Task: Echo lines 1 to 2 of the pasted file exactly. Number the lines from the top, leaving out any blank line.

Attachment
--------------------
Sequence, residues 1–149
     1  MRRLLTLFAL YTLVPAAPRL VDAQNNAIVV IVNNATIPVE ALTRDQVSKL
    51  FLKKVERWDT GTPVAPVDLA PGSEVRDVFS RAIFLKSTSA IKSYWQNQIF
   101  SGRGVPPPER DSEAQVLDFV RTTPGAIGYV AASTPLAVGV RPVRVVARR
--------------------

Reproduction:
Sequence, residues 1–149
     1  MRRLLTLFAL YTLVPAAPRL VDAQNNAIVV IVNNATIPVE ALTRDQVSKL